Link

Transformational Science Grant Awards are the largest grants awarded by DSF. Transformational Science Grants are intended for established, experienced, independent investigators affiliated with a research or academic institution whose proposed projects investigate hypotheses directly related to Dravet syndrome. Transformational Science Grants should have substantial preliminary data to support the stated hypothesis and strong potential to significantly impact the research field or move the needle on clinical care. Proposals are scored according to NIH guidelines based on the quality of preliminary data, research design, feasibility, investigator’s qualifications, and overall impact.

2024 Basic and Translational Priority Areas include:

  • Understanding the mechanisms of epileptogenesis in Dravet syndrome.
  • Development of enhanced models to study Dravet syndrome.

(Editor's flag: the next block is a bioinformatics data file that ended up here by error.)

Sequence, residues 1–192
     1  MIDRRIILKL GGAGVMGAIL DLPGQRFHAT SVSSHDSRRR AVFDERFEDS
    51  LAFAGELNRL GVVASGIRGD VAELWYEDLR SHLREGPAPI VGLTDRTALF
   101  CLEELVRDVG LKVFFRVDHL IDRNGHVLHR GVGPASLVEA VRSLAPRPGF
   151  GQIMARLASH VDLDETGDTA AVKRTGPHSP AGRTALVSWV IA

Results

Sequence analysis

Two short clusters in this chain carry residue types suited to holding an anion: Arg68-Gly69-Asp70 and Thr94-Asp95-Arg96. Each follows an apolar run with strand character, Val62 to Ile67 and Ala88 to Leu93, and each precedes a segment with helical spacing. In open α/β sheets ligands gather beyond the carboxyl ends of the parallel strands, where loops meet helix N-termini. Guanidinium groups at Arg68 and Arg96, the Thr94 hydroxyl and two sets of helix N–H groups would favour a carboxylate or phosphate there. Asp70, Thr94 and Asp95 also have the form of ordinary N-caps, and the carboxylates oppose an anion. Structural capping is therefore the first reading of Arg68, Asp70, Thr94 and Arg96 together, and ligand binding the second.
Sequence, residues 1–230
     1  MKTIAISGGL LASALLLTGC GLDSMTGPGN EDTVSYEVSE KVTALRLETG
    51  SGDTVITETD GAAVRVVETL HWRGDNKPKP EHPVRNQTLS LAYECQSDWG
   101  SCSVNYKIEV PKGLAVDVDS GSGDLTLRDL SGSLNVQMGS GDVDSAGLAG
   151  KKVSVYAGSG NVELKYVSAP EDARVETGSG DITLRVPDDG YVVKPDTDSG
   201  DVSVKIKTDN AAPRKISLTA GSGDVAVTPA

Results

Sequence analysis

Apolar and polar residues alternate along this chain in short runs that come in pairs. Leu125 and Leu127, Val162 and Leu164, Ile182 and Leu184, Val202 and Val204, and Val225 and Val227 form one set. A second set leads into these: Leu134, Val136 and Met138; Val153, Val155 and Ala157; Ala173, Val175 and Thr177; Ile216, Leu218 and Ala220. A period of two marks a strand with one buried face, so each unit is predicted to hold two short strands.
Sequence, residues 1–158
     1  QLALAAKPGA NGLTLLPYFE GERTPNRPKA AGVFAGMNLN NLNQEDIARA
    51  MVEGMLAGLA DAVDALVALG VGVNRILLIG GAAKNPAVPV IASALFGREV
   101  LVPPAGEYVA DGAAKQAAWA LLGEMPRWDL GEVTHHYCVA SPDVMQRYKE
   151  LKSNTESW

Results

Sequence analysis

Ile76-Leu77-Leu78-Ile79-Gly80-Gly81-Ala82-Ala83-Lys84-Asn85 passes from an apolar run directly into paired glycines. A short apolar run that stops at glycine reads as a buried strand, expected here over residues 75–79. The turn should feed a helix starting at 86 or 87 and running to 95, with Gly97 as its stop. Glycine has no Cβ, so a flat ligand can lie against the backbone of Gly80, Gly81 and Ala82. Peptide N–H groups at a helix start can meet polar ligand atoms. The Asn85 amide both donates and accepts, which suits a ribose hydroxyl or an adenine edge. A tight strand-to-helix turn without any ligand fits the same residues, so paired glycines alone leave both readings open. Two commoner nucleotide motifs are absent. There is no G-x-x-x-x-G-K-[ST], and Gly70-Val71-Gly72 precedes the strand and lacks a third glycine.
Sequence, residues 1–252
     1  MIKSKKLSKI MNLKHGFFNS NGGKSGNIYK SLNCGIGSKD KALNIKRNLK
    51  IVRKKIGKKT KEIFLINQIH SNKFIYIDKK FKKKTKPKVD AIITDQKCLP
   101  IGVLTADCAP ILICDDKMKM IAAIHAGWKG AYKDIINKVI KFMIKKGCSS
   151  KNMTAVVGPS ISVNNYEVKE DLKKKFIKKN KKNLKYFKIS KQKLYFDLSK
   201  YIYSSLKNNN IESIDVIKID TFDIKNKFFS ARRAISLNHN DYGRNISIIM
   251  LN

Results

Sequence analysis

• Understanding of the cellular, molecular, and genetic mechanisms that contribute to the pathogenesis of Dravet syndrome.
  • Revealing causes and interventions for seizures and comorbidities in Dravet syndrome.
  • Understanding causes and developing interventions for SUDEP.
  • Development of novel treatments and interventions that will prevent the onset or halt the progression of Dravet syndrome; this includes research that may overcome the current size and delivery hurdles for gene-therapy approaches.

2024 Clinical Priority Areas include:

  • Research that helps better characterize the natural history of Dravet syndrome across the patient lifetime, including identifying patient trends, characteristics, epidemiology, or other clinical aspects of Dravet syndrome and/or its comorbidities.
  • Research that develops or refines outcome measurements that can fully reflect meaningful improvements in patient symptoms and quality of life.